Vermiculture

Make Your Own Compost With Worms

Healthy worm for wormbin
Young, healthy vermiculture worm. ©2008, A. Jeanroy, Licensed to About.com

Vermiculture can be the perfect answer for an indoor herb gardener. Vermiculture is a way of composting using earthworms to speed up the process. It is easily done inside the home as it takes only a small amount of room and creates no odor. In fact, if you are an indoor-only herb gardener, you will benefit from having just the right amount of compost to add to your smaller sized garden area. The real problem is not the size of the indoor worm bin, it's trying to find more room in your home for more bins!

Use any bin that is moisture and escape proof. The only tricky part is that if your worms aren't happy, they will try to escape. Signs of this are worms crawling on the top of the lid you cover the bin with. A few are fine, but for the most part, they want to be under the shredded material and out of any chance to have light on them. 

Remember to poke holes in the lid of whatever you are using. Of course to provide air to the worms, but also to allow excess moisture to evaporate. This is critical to a healthy bin. I like using styrofoam bins if I can. What else are they going to be used for, right? This way it avoids the styrofoam being thrown away and they do make pretty sturdy bins. 

Space Needed

I have successfully started many vermiculture kits for customers. My method that fits easily under the kitchen sink and provides enough compost for a windowsill garden. Your worm bin will not create mess or smell.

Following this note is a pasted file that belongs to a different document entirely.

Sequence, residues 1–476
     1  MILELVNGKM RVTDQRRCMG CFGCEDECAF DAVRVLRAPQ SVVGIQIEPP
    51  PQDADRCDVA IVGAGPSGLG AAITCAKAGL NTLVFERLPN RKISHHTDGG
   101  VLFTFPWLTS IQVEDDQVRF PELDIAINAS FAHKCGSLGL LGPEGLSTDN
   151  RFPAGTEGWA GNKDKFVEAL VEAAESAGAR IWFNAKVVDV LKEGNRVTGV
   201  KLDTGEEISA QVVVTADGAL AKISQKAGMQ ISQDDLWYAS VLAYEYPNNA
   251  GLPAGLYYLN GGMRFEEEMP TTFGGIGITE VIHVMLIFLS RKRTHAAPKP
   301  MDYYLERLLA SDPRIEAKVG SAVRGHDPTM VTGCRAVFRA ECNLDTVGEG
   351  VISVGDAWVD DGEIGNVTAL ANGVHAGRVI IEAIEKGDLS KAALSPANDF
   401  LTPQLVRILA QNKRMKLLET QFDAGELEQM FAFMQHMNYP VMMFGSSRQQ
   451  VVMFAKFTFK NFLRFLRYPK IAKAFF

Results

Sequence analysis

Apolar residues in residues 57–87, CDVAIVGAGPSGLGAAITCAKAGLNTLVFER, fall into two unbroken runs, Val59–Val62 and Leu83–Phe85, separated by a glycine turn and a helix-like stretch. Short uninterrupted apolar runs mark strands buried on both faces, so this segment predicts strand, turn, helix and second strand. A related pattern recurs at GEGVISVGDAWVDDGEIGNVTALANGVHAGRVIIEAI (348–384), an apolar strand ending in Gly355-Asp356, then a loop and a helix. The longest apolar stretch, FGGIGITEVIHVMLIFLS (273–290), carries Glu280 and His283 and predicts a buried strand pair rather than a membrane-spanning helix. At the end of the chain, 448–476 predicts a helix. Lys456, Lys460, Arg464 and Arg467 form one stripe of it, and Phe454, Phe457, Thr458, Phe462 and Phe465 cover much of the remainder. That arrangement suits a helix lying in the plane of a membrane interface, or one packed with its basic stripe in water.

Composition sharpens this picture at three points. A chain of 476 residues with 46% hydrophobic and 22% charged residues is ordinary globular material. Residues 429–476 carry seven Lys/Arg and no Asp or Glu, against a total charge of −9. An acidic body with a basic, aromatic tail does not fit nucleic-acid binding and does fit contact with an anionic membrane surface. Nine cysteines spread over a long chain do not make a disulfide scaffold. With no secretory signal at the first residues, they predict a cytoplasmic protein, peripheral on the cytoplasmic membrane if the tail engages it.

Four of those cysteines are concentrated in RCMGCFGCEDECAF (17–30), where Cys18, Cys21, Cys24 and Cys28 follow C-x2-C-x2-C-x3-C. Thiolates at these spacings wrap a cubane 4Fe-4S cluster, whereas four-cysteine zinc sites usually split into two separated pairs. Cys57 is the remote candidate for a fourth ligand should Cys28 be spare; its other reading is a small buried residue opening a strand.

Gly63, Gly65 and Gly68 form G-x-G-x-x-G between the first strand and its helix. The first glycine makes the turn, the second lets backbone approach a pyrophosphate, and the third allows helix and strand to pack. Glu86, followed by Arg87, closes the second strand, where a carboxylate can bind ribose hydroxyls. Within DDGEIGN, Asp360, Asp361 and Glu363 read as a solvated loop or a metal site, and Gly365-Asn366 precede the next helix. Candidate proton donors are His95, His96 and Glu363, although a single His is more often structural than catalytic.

As the worms digest the kitchen scraps, their castings (poop), is a rich fertilizer for your herb garden. You can have fresh compost year around for your herb pots. Remember, this stuff is pretty potent. There is no need to use it as thickly as you do regular compost. In fact, I would consider this black gold.

It can be added to water and then that resulting nutrient rich water can feed your plants. Think of how long that will last! 

Using Finished Compost

The finished compost will be black and crumbly. This composted material is not to be used straight in your pots, however. Mix it into the top inch of your plant pot as an amendment to what is already there. As you water, you will slowly wash the nutrients down to the roots. You now have an endless supply of organic fertilizer. Finished compost is rich and complete. Your plants will grow well and you will be completing an age old process that helps the earth; right in your kitchen! 

A final thought: Buy your worms during the spring/summer/early fall. Any reputable worm farmer will not risk sending delicate worms through the winter where they could easily become frozen.